Clinical Chemistry 43:1 215-221 (1997

)

NACB Symposium

Evaluation of the newborn’s blood gas status
Robert T. Brouillette* and David H. Waxman
Blood gas measurements and complementary, noninvasive monitoring techniques provide the clinician with information essential to patient assessment, therapeutic decision making, and prognostication. Blood gas measurements are as important for ill newborns as for other critically ill patients, but rapidly changing physiology, difficult access to arterial and mixed venous sampling sites, and small blood volumes present unique challenges. This paper discusses considerations for interpretation of blood gases in the newborn period. Blood gas measurements and noninvasive estimations provide important information about oxygenation. The general goals of oxygen therapy in the neonate are to maintain adequate arterial PaO2 and SaO2, and to minimize cardiac work and the work of breathing. Pulse oximetry and transcutaneous oxygen monitoring are extraordinarily useful techniques of estimating and noninvasively monitoring the neonate’s oxygenation, but each method has limitations. Arterial blood gas determinations of pCO2 provide the most accurate determinations of the adequacy of alveolar ventilation, but capillary, transcutaneous, and end-tidal techniques are also useful. An approach to and examples of acid-base disorders are presented. Three hemoglobin variants relevant to the newborn are considered: fetal hemoglobin, carboxyhemoglobin, and methemoglobin. Blood gases obtained in the immediate perinatal period can help assess perinatal asphyxia, but particular attention must be paid to the sampling site, the time of life, and the possible and proven diagnoses.
INDEXING TERMS: neonatal respiration • bronchopulmonary dysplasia • hemoglobin • carbon dioxide monitoring • oxygen monitoring • acid-base disorders • perinatal asphyxia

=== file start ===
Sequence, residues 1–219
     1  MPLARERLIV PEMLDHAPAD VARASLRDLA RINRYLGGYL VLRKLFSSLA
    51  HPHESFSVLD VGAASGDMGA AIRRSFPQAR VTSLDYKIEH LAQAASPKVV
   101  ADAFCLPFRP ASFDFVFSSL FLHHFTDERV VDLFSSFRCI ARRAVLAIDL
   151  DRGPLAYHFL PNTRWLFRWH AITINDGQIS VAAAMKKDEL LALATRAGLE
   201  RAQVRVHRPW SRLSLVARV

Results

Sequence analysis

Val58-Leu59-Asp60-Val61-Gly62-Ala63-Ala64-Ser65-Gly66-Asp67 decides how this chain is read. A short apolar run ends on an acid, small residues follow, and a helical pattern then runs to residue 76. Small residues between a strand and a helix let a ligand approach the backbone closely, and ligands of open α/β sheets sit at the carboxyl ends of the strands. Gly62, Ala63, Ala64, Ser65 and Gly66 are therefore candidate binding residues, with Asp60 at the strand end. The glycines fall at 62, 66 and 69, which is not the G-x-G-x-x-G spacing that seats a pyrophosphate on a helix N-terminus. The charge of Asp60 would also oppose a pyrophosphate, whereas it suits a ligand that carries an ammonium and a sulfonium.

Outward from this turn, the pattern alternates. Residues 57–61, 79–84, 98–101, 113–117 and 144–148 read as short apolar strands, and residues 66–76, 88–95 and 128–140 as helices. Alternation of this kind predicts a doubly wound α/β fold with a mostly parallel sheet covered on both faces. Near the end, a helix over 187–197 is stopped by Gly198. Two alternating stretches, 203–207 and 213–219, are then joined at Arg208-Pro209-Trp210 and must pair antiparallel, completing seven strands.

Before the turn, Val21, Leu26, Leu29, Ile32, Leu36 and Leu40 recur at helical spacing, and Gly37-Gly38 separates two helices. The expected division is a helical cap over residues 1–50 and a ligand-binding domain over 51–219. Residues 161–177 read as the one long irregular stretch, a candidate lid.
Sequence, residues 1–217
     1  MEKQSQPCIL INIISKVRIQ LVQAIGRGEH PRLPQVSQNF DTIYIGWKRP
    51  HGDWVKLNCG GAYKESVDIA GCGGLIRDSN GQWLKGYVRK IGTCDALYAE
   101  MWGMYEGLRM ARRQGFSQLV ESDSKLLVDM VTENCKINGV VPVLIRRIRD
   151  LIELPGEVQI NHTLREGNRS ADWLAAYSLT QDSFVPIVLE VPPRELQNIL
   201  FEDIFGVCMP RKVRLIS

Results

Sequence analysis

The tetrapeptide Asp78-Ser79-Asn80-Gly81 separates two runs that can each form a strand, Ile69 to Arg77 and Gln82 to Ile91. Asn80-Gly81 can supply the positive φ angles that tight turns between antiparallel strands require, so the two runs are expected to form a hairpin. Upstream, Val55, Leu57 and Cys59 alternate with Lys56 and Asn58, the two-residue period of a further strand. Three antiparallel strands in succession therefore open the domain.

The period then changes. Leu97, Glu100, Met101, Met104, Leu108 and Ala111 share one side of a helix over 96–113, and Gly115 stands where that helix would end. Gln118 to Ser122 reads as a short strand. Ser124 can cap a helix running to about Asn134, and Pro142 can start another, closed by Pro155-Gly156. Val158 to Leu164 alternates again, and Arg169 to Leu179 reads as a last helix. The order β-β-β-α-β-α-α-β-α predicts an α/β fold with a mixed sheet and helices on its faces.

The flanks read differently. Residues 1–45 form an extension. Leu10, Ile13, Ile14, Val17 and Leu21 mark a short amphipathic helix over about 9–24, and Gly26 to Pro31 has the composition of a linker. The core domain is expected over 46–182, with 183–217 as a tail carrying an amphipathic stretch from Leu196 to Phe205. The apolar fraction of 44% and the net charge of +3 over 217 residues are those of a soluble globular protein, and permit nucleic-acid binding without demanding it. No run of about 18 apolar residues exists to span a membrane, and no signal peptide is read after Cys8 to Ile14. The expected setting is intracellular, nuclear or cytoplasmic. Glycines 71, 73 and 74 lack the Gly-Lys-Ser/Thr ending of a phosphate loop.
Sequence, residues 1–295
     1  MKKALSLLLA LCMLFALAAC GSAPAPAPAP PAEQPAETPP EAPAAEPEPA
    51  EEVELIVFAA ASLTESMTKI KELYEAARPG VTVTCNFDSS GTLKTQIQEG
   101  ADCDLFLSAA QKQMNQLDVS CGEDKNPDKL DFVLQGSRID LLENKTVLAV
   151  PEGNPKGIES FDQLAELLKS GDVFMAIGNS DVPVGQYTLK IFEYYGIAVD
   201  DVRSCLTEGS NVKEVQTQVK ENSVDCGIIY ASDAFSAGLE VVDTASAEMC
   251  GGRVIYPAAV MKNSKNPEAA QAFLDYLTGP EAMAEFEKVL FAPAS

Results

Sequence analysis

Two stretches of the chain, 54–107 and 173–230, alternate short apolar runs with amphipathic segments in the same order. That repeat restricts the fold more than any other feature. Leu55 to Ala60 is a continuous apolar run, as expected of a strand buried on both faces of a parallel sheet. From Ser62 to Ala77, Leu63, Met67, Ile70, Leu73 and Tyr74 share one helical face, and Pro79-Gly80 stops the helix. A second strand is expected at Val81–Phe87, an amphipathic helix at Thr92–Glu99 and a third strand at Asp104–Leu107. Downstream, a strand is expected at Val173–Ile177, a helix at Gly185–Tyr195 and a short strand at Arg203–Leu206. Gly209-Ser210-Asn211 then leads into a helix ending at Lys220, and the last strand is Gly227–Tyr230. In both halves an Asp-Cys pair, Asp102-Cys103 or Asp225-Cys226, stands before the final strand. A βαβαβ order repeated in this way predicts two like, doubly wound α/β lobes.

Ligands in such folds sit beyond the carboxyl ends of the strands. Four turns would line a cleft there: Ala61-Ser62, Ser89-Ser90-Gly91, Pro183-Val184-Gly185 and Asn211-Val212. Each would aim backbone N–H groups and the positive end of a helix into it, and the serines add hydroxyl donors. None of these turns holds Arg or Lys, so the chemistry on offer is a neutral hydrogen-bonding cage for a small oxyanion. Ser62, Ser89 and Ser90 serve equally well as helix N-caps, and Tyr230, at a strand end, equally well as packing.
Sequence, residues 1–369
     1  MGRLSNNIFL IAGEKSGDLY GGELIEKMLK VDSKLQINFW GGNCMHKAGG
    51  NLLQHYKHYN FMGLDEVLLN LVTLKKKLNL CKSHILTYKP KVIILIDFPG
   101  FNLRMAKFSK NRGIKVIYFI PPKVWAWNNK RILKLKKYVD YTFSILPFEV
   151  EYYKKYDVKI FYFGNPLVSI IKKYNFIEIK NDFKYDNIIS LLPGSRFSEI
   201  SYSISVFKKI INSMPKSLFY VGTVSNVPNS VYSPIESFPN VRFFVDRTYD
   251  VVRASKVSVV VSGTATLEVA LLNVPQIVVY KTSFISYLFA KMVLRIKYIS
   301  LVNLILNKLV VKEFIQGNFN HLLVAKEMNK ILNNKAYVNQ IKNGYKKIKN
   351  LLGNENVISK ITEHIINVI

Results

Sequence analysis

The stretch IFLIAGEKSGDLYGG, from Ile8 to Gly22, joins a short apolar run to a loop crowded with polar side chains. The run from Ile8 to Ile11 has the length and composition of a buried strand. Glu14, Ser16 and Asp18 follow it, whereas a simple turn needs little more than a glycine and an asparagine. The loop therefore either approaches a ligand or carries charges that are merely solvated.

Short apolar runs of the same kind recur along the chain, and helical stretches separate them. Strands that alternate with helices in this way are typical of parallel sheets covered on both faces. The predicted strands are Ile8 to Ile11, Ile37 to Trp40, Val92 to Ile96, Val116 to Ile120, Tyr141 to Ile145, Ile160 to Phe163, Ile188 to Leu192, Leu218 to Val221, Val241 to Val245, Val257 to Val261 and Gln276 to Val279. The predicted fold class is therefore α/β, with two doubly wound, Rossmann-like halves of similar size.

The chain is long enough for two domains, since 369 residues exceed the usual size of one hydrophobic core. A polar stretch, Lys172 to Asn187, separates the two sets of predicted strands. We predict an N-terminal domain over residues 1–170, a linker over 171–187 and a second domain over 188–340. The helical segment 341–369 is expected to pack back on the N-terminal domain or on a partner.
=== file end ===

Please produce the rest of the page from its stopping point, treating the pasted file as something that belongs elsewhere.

The perinatal period (labor, parturition, and the days following) is one of fundamental change in the cardiore-

spiratory status of the baby. Nutritional, excretory, and respiratory systems must rapidly assume new responsibilities as the organism changes from a dependent to a free-living individual. Respiratory gas exchange, formerly a placental function, must be established by the lungs within minutes after birth. The cardiovascular system undergoes changes just as dramatic, with conversion from two circulations in parallel to two circulations now in series. Therefore, frequent and serious difficulties in cardiorespiratory adaptation in the perinatal and neonatal periods are not surprising. Blood gas measurements and complementary, noninvasive monitoring techniques provide the clinician with information essential to patient assessment, therapeutic decision making, and prognostication. Blood gas measurements are as important for ill newborn infants as for other critically ill patients, but unique challenges are provided by rapidly changing physiology, difficult access to arterial and mixed venous sampling sites, and small blood volumes. However, one must not negate the importance of historical and physical findings in the ill newborn. This information must be integrated with the laboratory data to best understand and treat the patient. Normal values for arterial blood gases are very dependent on postnatal age (Fig. 1). Values of Pao2 and Sao2 may also be lower in premature infants, caused by reduced lung function, and at high altitude, caused by reduced inspired oxygen tension. The most accurate method of measuring Pao2 and Sao2 involves placement of an indwelling catheter in either the aorta via an umbilical artery or in a peripheral artery; however, use of such catheters must be restricted to critically ill neonates because of frequent and serious thrombotic and infectious complications [1, 2]. A problem associated with peripheral arterial catheters is hemodilution. For these catheters to remain patent, they are usually perfused with heparinized saline solution. Unless the catheter is cleared of perfusate, diluted samples will have lower Pco2 and
Montreal, QC, Canada H3H 1P3. Fax 514-934-4356; e-mail rbronew@newborn. mchis.mcgill.ca. Received July 30, 1996; revised October 18, 1996; accepted October 18, 1996.

The Department of Pediatrics, McGill University/Montreal Children’s Hospital, Montreal, QC, Canada. *Address correspondence to this author at: 2300 Tupper St., C-920,

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Fig. 1. Normal term infants’ arterial blood gases in the first 2 h after birth are shown as means (F, solid lines) 1 SD (shaded areas).
Note the magnitude and rapidity of change in the first 30 min after birth. Mean values for term infants experiencing “slight fetal distress” are shown as ‚, dotted lines (Tunell R et al. In: Stetson JB, Surger PR, eds. Neonatal Intensive Care. St. Louis: Warren H. Green, 1976, p. 99).